House committee wants more time for meeting-notice bill
Lawmakers gave Rep. Kraig Powell more time Tuesday to tweak his bill requiring agencies to post their agendas further in advance of meetings.
Powell, R-Heber City, proposed in HB207 that government entities and agencies post meeting agendas at least 72 hours in advance, while allowing unforeseen items to be posted no sooner than 24 hours. He presented the bill before the House Political Subdivisions Committee, which voted to hold it until Powell worked out the language issues.
"There is enough consternation in the committee," Committee Chairman Curt Webb, R-Logan, said, predicting that Powell's bill would not fare well on the House floor.
The Open and Public Meetings Act requires agendas be posted 24 hours in advance, except in the case of emergency meetings.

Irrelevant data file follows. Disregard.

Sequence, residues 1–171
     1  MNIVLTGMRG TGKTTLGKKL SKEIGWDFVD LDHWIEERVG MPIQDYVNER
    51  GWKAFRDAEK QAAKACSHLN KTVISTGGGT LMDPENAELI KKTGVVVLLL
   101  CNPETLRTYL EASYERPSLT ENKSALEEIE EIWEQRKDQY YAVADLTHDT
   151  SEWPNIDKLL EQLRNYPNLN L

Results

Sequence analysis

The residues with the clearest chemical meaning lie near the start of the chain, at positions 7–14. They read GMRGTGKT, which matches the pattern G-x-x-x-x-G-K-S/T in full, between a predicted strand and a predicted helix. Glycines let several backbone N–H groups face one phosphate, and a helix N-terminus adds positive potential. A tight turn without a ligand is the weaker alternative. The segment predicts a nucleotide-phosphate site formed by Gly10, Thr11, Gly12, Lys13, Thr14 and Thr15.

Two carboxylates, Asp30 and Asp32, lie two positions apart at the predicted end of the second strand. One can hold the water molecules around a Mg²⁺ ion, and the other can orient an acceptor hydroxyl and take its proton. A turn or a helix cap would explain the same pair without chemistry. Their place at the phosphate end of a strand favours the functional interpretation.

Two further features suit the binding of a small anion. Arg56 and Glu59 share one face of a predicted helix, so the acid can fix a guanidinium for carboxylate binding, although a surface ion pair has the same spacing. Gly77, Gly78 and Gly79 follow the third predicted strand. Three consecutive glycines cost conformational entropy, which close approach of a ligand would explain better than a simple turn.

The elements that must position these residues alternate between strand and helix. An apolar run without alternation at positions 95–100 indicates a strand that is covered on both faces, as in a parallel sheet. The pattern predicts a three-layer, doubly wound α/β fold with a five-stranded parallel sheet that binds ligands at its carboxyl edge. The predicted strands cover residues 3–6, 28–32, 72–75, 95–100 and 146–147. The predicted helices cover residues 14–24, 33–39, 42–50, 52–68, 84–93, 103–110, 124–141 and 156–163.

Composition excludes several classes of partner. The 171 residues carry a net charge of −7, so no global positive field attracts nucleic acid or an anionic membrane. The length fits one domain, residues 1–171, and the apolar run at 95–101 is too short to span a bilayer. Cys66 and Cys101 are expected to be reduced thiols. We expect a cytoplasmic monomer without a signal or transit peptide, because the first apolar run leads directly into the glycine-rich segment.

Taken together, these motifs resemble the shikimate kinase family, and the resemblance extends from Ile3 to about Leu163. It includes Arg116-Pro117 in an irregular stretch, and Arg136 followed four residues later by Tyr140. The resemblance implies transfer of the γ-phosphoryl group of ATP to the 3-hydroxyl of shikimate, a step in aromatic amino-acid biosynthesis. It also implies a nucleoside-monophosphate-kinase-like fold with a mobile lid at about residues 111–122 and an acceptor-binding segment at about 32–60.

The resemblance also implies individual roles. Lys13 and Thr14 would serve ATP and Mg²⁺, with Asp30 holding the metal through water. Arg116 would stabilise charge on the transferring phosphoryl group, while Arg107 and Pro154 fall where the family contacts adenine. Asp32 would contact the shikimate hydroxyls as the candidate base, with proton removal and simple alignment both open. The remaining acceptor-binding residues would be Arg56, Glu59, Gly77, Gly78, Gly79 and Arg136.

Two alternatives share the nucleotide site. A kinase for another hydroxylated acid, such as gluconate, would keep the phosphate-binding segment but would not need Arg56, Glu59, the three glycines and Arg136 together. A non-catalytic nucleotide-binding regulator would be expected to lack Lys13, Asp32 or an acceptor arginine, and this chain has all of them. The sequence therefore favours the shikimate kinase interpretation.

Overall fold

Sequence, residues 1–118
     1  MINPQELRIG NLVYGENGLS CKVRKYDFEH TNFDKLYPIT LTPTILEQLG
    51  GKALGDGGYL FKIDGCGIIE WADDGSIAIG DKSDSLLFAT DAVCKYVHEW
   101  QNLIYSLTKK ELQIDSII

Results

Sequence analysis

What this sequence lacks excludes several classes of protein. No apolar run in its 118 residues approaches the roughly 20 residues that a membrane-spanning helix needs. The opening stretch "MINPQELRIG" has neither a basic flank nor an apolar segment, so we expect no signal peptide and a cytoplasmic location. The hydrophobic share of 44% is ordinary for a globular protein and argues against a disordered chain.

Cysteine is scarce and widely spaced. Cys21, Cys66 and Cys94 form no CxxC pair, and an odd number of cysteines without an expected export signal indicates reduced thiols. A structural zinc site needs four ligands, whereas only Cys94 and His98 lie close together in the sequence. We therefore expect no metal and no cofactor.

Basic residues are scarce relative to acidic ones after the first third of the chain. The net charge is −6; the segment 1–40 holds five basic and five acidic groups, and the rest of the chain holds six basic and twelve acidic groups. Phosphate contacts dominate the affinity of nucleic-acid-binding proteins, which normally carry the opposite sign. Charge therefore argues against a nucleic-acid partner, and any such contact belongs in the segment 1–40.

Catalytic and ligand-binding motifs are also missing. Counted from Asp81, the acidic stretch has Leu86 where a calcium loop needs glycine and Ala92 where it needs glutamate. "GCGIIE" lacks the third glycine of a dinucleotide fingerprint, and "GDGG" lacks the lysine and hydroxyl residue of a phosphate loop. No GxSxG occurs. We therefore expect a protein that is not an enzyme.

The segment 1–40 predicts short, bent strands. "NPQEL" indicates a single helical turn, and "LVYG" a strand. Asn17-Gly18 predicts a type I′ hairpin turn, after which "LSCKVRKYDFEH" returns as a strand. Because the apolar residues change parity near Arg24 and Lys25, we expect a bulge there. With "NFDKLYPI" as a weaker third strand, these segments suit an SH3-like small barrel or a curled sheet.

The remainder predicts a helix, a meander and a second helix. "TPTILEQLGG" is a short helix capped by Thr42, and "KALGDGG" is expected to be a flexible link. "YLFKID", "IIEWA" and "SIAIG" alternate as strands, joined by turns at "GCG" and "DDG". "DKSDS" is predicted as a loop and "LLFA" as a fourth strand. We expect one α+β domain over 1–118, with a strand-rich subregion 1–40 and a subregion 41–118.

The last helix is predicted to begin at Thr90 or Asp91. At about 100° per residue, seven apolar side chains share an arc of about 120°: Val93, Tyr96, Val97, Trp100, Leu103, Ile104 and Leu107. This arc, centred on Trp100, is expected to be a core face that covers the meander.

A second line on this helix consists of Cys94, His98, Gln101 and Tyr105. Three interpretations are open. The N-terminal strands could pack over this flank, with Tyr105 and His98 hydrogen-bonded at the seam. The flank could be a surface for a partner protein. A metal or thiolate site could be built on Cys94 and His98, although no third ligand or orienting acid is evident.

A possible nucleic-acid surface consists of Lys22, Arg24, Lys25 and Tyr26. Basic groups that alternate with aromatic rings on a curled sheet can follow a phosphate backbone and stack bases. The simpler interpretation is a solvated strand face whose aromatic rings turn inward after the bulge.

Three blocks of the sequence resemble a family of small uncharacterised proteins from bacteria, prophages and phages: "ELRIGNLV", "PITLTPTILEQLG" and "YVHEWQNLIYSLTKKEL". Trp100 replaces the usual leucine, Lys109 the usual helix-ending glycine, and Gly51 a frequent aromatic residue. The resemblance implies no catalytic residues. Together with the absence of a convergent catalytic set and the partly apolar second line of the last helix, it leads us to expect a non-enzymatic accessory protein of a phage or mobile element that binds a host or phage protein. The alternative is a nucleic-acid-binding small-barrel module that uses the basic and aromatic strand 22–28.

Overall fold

Powell said that there are public bodies that already post notices further in advance, giving people more time to prepare to discuss issues. He said if something came up after an agenda was posted, it could be amended to accommodate the unforeseen issues.
But it was defining "unforeseen" that raised Lincoln Shurtz's concerns. Shurtz, lobbyist with the Utah League of Cities and Towns, said with no definition, cities and public agencies would find themselves open to lawsuits hinging on whether officials believed an item was truly unforeseen by anyone.
Shurtz said the result of Powell's bill would be government bodies putting off action because they don't want to violate the deadlines.
Powell, an attorney who has represented public agencies, said his counsel on whether something is unforeseen is "if in doubt, don't put it on the agenda."
Committee members suggested watering the bill down to be more of a recommendation, and trust the public to weed out violators.
"If they keep [violating the notice requirements], it won't be long before they are not elected officials anymore, said Rep. Spencer Cox, R-Fairview.